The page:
Banks have some of this social data, in a way that is most likely much more authentic than a Facebook (think about all the documents you need to provide to open a checking or brokerage account compare to what you need to provide to open a Facebook account). It is just a matter for them to put in place the right environment and culture in place to attract people.

If they cannot change their culture, their next best bet might be to do what Apple or Facebook do: expose some of this information via easy-to-use APIs in a way that is more secure than their startup competitors. Then, allocate a VC fund to fund startups using this API (which is equivalent to buy an option to invest more/buy out the most promising ventures later).

iTunes not available in Brazil

Here is what you get when you try to connect to the iTunes Store in Brazil:

iTunes error -4

I discovered this while trying momentarily to authorize one of my friend’s computers to read a movie I had purchased on my computer.

Well, I researched the problem and found this petition. It looks like iTunes Store is not available in Brazil, my guess is for fears of piracy, but I’m not sure. The problem is that the use case above is perfectly legit, yet, impossible to support in Brazil.

A store for products that don’t exist yet

How do you let Apple know that you want the next release of the Mini to include a Blu Ray player and how much you’d be ready to pay for it?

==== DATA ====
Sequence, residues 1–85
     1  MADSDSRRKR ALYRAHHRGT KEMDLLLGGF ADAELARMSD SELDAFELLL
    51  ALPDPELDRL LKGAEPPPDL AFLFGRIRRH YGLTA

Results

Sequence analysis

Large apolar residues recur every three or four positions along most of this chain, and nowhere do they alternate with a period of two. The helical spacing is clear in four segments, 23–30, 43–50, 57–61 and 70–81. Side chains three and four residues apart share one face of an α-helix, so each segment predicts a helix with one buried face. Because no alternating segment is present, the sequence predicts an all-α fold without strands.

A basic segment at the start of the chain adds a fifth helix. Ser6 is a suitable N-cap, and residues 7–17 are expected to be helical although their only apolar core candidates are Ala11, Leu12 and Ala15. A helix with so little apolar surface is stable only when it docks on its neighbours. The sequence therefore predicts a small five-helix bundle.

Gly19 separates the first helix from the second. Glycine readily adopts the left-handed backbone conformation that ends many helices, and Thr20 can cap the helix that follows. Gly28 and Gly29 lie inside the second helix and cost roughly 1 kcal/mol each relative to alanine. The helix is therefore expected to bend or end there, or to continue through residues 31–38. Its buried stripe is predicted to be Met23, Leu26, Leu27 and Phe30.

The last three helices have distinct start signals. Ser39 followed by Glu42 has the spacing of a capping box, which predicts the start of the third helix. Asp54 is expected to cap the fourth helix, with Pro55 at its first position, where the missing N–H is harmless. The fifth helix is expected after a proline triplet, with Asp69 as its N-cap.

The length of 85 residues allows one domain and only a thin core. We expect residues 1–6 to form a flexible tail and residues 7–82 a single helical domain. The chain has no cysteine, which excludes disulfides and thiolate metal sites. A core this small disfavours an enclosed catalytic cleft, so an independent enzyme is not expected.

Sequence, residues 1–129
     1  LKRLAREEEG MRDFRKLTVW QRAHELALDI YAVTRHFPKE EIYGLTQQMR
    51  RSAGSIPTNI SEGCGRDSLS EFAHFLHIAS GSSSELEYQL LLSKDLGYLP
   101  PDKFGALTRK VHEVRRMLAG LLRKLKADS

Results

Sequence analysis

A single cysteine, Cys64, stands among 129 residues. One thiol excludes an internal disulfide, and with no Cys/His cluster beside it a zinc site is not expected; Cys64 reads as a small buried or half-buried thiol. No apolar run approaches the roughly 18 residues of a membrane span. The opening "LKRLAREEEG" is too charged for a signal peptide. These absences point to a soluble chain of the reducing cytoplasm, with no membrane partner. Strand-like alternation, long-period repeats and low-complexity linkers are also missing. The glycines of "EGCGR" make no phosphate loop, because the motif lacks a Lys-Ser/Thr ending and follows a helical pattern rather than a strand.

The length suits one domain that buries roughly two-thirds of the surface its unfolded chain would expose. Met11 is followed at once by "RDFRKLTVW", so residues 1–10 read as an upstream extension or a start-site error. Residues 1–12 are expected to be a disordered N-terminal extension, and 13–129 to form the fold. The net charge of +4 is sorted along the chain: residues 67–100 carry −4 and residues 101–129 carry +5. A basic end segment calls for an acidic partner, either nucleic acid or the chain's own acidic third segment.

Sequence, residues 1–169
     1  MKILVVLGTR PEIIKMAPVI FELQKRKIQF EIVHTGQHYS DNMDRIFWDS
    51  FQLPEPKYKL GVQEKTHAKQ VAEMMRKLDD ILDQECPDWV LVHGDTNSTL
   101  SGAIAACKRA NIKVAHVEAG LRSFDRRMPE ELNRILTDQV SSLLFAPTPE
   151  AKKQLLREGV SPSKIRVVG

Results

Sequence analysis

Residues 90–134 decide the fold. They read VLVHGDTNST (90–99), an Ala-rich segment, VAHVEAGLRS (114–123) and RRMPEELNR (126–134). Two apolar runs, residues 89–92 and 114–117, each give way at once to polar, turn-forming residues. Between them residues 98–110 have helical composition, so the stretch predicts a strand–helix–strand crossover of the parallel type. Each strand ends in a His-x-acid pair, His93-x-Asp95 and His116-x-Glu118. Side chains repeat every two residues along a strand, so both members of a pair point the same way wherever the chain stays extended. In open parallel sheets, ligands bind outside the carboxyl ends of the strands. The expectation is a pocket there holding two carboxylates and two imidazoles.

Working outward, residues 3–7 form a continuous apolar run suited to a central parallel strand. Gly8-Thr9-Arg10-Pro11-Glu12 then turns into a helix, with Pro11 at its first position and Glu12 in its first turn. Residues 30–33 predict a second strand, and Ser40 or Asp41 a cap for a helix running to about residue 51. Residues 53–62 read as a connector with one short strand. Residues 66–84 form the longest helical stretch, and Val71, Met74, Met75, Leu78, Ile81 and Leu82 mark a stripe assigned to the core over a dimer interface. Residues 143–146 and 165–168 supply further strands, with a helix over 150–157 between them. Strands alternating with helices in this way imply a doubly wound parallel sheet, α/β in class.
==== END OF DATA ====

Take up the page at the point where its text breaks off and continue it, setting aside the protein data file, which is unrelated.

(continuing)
What about an online store that includes some of the many product concepts designed by Apple fans such as the MacCube concept below? or a product configurator of existing products that includes features not yet available from the manufacturer but that exist as technologies or as third-party add-ons?

Seems like something identified by the VRM promoters.

Only problem: would Apple care?

Apple cube computer concept

Waiting for Apple TV 3.0

Apple TV

The Blu-Ray / HD-DVD war had until recently kept me from buying a HD player to go with my HD projector, I had just been convinced that these format wars didn’t matter and that the future of HD was online downloads. I was seriously considering buying an Apple TV thinking that the 2.0 version should have everything I need (how couldn’t it be when Steve Jobs had acknowledged that 1.0 had been a failure and that they had learned from this failure).

It seems that they didn’t. I was very disappointed to learn today that the Apple TV does not do 1080p and that rented movies only last for 24hr, not the standard 3days.

I’m going to wait for 3.0, get an Apple Mini or look at the competition.